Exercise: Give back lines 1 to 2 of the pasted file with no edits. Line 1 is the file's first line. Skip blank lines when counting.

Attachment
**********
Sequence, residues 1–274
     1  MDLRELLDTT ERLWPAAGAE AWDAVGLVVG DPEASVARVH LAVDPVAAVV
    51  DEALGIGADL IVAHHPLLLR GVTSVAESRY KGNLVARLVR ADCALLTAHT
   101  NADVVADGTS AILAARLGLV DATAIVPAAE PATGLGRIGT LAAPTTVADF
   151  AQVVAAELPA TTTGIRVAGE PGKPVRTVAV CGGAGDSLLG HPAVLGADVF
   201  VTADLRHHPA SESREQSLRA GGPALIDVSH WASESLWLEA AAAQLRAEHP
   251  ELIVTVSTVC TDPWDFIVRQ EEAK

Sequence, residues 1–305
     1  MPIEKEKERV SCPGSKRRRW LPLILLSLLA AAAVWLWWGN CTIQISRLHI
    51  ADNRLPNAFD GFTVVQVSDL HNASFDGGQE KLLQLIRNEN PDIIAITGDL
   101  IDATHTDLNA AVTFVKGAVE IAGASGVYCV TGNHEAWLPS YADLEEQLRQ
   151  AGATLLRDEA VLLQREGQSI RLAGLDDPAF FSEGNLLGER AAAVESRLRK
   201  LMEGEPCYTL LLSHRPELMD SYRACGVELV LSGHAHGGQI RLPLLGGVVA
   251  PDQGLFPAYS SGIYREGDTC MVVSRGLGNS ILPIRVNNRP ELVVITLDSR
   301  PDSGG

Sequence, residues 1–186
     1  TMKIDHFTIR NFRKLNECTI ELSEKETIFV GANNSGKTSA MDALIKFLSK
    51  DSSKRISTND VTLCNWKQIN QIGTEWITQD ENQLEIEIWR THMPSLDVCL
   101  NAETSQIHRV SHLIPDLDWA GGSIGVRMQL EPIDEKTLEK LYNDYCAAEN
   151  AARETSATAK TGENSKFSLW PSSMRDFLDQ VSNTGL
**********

Sequence, residues 1–274
     1  MDLRELLDTT ERLWPAAGAE AWDAVGLVVG DPEASVARVH LAVDPVAAVV